The US is still yet to join the growing number of countries around the world with a female leader, which has now reached fifty.
US citizens will now have to wait at least another four years for a female president after Donald Trump defeated Hillary Clinton in this year’s election.
There are currently 28 female heads of state worldwide, but there have been 50 in total since July 1960, with the first female leader elected in Sri Lanka. The list includes heads of government, elected heads of state and monarch’s. Of those fifty countries, 46 have had a female head of government who wasn’t a monarch.
Despite this, 34 countries have not elected a second female head of government.
The UK and it’s constituents have led the way for female heads of state, with Queen Anne, Queen Victoria and the reigning Queen Elizabeth. After Sri Lanka, India gained it’s first female prime minister of India in 1966 with Indira Gandhi. Three years later Golda Meir became Israel’s first female head of government.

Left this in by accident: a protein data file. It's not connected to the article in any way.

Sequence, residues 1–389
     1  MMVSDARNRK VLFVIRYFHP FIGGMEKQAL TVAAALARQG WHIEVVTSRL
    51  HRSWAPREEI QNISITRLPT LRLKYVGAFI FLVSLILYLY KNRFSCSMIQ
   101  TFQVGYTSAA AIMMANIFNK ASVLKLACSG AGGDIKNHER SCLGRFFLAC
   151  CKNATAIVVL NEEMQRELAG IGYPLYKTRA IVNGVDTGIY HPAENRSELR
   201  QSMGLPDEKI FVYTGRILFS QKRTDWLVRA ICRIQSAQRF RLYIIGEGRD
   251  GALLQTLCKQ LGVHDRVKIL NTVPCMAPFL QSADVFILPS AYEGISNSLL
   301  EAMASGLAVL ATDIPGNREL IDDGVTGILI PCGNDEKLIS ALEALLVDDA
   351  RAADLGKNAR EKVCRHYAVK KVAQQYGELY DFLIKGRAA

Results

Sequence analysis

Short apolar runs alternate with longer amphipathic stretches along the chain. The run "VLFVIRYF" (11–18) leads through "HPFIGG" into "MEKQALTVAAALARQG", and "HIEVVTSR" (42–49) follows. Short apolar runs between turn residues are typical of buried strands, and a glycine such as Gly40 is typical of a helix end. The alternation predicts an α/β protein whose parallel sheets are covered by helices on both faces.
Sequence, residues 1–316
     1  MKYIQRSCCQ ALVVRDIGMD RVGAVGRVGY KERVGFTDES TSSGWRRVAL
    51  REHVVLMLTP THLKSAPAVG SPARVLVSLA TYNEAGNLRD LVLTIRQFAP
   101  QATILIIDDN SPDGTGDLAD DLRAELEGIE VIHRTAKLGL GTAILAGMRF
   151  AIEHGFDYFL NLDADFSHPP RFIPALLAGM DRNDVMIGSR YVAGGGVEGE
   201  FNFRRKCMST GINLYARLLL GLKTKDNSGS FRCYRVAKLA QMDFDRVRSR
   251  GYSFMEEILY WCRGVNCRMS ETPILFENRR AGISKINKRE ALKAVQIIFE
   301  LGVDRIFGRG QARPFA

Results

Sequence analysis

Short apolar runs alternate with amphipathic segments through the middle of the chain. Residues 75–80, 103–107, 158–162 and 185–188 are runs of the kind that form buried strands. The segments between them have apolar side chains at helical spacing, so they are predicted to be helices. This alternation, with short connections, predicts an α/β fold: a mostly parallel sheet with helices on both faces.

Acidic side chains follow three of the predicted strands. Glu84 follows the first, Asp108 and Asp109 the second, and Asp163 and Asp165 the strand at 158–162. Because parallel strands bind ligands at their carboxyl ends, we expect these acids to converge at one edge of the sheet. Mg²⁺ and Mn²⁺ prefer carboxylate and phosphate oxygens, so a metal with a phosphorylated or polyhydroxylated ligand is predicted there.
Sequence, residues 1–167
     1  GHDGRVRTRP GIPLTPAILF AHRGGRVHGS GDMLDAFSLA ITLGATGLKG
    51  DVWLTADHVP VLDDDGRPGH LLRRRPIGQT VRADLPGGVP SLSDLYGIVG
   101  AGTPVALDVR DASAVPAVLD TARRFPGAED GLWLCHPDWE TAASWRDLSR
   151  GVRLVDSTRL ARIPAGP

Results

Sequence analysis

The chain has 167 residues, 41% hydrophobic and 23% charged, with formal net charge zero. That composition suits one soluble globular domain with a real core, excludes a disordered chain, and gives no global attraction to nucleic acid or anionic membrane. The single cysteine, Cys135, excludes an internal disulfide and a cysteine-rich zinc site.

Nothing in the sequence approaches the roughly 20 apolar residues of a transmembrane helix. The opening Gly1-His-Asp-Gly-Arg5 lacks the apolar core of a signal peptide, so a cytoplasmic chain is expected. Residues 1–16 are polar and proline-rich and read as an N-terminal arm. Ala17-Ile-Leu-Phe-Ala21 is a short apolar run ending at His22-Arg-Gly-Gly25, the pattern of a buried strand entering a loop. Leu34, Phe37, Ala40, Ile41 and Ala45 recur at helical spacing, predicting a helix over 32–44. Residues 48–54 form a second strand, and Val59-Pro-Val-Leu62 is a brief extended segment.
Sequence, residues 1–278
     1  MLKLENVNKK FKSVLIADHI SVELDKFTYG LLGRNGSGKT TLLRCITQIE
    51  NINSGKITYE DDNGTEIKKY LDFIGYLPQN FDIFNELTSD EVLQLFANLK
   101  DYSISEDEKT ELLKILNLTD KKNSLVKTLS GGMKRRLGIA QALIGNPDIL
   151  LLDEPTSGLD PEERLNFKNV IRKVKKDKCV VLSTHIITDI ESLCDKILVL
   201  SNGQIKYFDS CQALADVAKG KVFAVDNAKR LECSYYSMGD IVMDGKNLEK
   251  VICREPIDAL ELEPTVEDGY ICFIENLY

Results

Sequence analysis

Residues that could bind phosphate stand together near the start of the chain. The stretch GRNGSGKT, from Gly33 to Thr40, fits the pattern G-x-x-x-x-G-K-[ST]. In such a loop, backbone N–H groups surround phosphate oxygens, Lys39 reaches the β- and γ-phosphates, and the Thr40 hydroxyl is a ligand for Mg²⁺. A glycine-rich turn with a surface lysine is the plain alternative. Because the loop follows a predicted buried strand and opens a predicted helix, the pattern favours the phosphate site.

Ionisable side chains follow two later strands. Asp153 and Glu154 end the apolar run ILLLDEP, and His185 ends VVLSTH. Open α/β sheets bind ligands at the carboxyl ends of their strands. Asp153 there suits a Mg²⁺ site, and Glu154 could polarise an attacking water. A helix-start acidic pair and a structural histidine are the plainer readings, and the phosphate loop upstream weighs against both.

The US could have joined the growing list of female leaders, but Hillary Clinton narrowly missed out on ending the 230-year streak of male presidents. In her impassioned concession speech, she addressed the support she gained from females during her campaigning:
“…And to all the women, and especially the young women, who put their faith in this campaign and in me: I want you to know that nothing has made me prouder than to be your champion…
Now, I know we have still not shattered that highest and hardest glass ceiling, but some day someone will—and hopefully sooner than we might think right now.
And to all of the little girls who are watching this, never doubt that you are valuable and powerful and deserving of every chance and opportunity in the world to pursue and achieve your own dreams…”
Recent statistics have revealed that Clinton is on course to receive more votes than any other US presidential candidate in history except Barack Obama.